Raji really wanted to use the restroom. “Flushing would waste 1.6 gallons of water, even with these water efficient toilets.” She decided to wait till she got to the gym.
She slipped into her neon orange sneakers and headed out. She started her Nissan Leaf and glided down the smooth road. As she checked her rear view mirror she wondered how the entire intelligentsia were so focused on finding a solution to the energy crisis that they completely missed another important resource crisis looming behind them. Her minds wandered to her childhood days in Chennai, the ones in which the city experienced severe water crisis.
“Amma—thanni lorry,” the water lorry is here, she would scream. That would be a cue for her mom and older sister to rush out with buckets and pots in their hands.
After the city’s reservoirs dried up, the government decided to provide water to its residents using these water trucks. The water came from distant sources. Raji had heard adults talking about a portion of the water supply coming all the way from Andhra Pradesh, in goods trains.
The water tanker would stop at the intersection of the four streets. Before the driver turned off the ignition, a long line would form. The colorful plastic pots soon snaked all the way to the end of the street. Raji always thought of them as the lorry’s tail.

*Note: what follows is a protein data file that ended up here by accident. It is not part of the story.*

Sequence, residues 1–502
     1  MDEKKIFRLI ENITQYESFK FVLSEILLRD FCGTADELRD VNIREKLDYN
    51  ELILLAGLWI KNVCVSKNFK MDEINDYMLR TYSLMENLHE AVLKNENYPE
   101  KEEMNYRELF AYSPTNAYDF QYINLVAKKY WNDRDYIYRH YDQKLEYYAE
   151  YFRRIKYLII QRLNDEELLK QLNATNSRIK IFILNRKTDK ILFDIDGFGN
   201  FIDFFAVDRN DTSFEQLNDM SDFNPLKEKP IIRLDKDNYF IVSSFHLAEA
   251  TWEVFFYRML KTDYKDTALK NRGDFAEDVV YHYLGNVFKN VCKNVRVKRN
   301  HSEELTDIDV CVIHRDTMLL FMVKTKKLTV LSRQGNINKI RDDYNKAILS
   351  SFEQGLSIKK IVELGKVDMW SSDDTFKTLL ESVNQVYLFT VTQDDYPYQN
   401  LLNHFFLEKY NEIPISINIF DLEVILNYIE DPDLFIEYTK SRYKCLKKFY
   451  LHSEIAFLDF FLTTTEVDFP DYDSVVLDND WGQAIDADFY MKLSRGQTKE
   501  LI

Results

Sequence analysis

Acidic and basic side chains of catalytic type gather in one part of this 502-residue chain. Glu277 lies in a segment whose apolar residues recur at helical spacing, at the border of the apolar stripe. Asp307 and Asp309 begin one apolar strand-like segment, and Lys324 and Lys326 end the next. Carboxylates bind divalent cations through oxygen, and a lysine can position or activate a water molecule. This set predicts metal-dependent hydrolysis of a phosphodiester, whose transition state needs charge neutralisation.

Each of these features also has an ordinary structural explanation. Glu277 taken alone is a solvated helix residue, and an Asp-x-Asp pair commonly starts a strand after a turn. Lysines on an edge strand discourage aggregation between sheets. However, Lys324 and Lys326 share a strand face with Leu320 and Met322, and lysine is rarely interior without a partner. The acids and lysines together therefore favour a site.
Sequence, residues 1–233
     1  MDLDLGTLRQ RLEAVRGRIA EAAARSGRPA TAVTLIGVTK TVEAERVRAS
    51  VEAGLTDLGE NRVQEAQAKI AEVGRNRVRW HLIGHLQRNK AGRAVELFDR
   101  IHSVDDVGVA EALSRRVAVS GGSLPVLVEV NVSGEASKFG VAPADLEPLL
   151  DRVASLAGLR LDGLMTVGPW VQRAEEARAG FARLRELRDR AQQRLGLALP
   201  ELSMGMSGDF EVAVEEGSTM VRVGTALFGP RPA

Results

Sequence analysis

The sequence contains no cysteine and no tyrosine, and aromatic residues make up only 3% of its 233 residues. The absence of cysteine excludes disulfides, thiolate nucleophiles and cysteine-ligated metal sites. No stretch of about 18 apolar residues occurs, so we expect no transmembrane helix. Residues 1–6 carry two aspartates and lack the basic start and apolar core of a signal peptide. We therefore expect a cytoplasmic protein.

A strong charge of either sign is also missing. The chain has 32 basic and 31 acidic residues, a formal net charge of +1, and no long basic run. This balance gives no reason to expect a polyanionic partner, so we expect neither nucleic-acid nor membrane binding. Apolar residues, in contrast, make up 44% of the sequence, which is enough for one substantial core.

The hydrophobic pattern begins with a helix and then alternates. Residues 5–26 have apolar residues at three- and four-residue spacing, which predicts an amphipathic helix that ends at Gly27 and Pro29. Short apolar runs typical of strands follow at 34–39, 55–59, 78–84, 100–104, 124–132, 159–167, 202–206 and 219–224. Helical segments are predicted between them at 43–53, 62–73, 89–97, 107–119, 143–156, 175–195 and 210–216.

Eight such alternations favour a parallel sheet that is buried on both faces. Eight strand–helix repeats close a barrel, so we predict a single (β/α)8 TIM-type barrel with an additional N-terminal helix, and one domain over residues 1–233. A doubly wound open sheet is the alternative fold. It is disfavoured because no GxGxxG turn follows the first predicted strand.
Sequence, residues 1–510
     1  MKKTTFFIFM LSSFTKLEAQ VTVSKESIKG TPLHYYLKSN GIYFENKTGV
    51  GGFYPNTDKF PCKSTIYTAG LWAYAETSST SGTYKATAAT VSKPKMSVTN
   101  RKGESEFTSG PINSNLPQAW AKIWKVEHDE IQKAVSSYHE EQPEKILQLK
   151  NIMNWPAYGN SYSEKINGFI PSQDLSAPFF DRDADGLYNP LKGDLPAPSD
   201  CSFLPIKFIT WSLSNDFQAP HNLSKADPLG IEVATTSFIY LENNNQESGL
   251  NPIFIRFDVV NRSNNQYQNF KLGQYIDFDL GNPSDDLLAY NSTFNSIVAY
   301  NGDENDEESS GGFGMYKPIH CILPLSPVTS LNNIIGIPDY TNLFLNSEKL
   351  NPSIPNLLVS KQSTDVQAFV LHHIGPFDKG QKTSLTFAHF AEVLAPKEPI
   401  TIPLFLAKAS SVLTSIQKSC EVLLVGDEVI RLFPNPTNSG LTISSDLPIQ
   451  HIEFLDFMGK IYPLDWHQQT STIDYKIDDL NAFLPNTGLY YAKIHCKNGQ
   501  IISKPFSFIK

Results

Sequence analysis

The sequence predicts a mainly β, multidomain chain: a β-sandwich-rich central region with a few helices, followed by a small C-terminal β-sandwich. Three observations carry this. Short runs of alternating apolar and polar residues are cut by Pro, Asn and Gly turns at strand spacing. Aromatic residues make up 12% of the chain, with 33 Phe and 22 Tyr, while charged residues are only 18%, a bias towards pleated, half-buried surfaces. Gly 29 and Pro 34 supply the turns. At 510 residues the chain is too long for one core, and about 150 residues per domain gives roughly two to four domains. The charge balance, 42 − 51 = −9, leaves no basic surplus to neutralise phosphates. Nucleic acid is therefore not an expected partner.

Whenever her grandmother recounted the story of Hanuman’s tail growing larger and larger at Ravana’s court—she imagined it to be similar to the line of pots expanding faster and faster within seconds.
The lorry driver was the king. He would get down and saunter around the vehicle. All eyes would be on him. He would lift the lower part of his lungi and tie it above his knees and leisurely light a beedi. Intense suspense would fill the air. Everyone waited for the moment the water would come gushing out of the green tube attached to the tanker. Jayanthi’s mom always got two extra buckets of water. Jayanthi told Raji that her mom secretly gave the driver a tiffin box full of mutton curry every other day.